A major reorganization will position the world’s large medtech company for higher growth. But employees will be asked to hold on tighter to market share to help drive innovation.Whether they’re running a start-up or the largest medical device company in the world, CEOs must be competitive. Their job requires a desire to win that’s strong enough to lift and inspire an entire organization.
New Medtronic CEO Geoff Martha is putting his competitive fire more front-and-center than most other CEOs as he takes over the reins from his friend and mentor Omar Ishrak, who joined as CEO in 2011, the same year he convinced Martha to join him.
Martha may have been with Medtronic for nearly a decade, but he’s coming to the corner office with an outsider’s zeal. In a bid to accelerate growth, Medtronic is splitting into 20 operating units. Kaila Krum, managing director at Truist Securities, said that the arrangement — if executed correctly — could motivate leaders of those 20 new units. “It pushes those business leaders to really look and understand the markets they go after,” she said.
But Martha is also asking Medtronic employees to move forward with a new competitive spirit. In an interview with the DeviceTalks Weekly podcast, Martha said he’s seeking to create a culture that is “ultra-competitive outside the company, but in an appropriate way because [medtech companies are] all in healthcare together, and then inside the company, a little bit of a friendly competition.”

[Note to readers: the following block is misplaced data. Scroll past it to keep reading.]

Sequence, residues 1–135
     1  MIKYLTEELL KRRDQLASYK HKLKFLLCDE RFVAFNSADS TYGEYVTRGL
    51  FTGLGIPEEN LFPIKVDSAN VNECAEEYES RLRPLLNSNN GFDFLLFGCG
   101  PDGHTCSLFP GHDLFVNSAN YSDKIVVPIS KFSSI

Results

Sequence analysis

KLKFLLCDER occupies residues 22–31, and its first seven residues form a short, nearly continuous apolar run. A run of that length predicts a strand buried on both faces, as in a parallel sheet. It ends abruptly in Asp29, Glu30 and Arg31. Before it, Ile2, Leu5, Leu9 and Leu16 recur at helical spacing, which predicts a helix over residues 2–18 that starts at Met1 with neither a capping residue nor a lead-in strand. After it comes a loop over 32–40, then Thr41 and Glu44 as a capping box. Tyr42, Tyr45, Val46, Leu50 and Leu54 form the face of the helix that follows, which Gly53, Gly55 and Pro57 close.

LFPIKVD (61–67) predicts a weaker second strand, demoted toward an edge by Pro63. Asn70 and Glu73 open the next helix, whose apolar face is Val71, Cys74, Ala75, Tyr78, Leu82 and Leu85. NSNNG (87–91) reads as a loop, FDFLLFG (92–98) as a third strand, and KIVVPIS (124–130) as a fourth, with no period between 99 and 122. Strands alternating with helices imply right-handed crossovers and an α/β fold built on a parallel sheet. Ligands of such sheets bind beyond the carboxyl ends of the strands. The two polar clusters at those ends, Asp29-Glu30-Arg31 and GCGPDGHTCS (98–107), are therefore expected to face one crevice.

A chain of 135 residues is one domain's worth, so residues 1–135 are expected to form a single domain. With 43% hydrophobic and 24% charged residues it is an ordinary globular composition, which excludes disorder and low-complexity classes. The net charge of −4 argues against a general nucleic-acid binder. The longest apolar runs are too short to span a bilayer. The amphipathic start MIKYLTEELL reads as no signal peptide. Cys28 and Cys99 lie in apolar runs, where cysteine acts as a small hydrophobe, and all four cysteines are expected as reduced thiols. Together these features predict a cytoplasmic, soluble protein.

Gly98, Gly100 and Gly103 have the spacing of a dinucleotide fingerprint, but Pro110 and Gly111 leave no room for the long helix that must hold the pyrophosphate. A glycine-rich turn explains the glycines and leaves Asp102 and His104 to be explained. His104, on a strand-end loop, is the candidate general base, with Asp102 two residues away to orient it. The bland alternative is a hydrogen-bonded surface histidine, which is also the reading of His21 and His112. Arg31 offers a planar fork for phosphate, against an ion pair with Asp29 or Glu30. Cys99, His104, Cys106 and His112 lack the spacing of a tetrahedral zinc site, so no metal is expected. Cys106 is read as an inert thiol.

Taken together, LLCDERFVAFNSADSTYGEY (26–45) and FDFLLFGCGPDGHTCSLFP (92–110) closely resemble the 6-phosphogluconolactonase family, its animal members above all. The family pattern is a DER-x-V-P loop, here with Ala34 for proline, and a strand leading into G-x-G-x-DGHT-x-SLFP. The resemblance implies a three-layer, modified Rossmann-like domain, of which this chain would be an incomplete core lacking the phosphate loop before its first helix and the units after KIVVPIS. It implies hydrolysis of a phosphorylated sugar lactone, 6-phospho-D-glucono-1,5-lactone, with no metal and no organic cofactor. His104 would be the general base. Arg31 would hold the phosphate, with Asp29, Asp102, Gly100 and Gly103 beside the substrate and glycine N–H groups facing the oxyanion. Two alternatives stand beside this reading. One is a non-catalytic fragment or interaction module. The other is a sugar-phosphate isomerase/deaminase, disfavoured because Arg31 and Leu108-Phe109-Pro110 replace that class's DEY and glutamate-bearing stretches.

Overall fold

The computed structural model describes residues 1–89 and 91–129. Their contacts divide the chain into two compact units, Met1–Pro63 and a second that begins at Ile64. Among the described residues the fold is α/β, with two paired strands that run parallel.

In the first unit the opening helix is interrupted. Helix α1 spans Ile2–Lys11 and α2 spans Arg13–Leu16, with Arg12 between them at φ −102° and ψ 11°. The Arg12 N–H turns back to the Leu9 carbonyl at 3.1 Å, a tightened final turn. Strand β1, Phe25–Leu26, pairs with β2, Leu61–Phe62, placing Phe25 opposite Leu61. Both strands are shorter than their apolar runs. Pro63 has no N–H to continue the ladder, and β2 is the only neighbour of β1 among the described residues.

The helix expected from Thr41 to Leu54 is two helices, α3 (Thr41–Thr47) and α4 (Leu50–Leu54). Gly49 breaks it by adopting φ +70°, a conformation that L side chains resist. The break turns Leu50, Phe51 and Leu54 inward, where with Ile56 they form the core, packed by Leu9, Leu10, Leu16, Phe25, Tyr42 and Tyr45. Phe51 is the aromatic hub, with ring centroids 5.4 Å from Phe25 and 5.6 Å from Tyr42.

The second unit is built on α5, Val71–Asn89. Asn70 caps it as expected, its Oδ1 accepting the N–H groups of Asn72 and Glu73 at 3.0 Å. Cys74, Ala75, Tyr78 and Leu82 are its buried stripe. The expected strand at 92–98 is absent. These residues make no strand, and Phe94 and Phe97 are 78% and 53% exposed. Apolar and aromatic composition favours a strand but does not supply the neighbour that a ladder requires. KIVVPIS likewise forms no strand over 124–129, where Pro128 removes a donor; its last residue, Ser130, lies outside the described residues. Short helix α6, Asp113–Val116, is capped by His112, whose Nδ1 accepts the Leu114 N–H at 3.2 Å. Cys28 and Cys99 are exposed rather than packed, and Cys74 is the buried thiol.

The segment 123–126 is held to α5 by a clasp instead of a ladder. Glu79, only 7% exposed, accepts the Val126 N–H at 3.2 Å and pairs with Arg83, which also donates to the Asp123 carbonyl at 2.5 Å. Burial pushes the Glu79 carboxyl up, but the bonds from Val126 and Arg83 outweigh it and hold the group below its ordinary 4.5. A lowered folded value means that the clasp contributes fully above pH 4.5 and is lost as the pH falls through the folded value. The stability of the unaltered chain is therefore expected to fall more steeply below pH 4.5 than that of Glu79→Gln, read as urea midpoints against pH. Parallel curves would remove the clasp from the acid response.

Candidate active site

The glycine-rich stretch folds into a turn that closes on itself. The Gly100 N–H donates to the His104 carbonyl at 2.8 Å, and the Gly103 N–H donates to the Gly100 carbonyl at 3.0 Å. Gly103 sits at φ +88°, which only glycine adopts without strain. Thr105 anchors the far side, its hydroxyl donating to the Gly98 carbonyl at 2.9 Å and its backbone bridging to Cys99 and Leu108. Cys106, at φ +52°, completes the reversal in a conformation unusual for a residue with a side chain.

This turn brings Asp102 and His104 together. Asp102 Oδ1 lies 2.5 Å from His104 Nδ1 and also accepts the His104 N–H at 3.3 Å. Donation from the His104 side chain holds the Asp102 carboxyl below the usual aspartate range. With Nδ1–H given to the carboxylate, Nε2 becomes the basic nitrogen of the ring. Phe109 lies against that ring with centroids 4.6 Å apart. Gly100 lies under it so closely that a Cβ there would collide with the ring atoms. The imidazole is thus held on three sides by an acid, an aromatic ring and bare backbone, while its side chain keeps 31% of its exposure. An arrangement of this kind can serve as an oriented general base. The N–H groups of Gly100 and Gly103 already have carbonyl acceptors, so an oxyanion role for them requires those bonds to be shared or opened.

The following is a transcript from the interview. It’s been edited for clarity.
DTW: Why is competition important to you?
GM: Well, the first point I want to explain is the `why’ behind the competitiveness. Why is it important for Medtronic? We’re a mission-driven company. We talk about putting patients first. We talk about creating new healthcare markets. The `why’ is important because the markets that we play in have gotten so much more competitive over the years. If we want to carry out our mission, which is to create these new, wonderful therapies and globalize them, once we do that, we’ve got to be able to hold onto our share.
DTW: What does market share have to do with innovation?
GM: We create these new markets and historically, we’ve let competition come in behind us and take big chunks of the new markets too quickly. If that happens, we don’t get the full financial return for our shareholders and we don’t get the capital we need to keep funding innovation. That market share is a source of fuel. It fuels our invention and market development, which is really the mission-driven nature of Medtronic. You have to make that connection. It’s super-important because this innovation doesn’t come free, right? Clinical innovation, technical innovation is very expensive. So we have to do a better job at holding onto this share.
DTW: Salespeople can easily measure success, but how can other employees — say, engineers or clinical trial managers —show their competitiveness?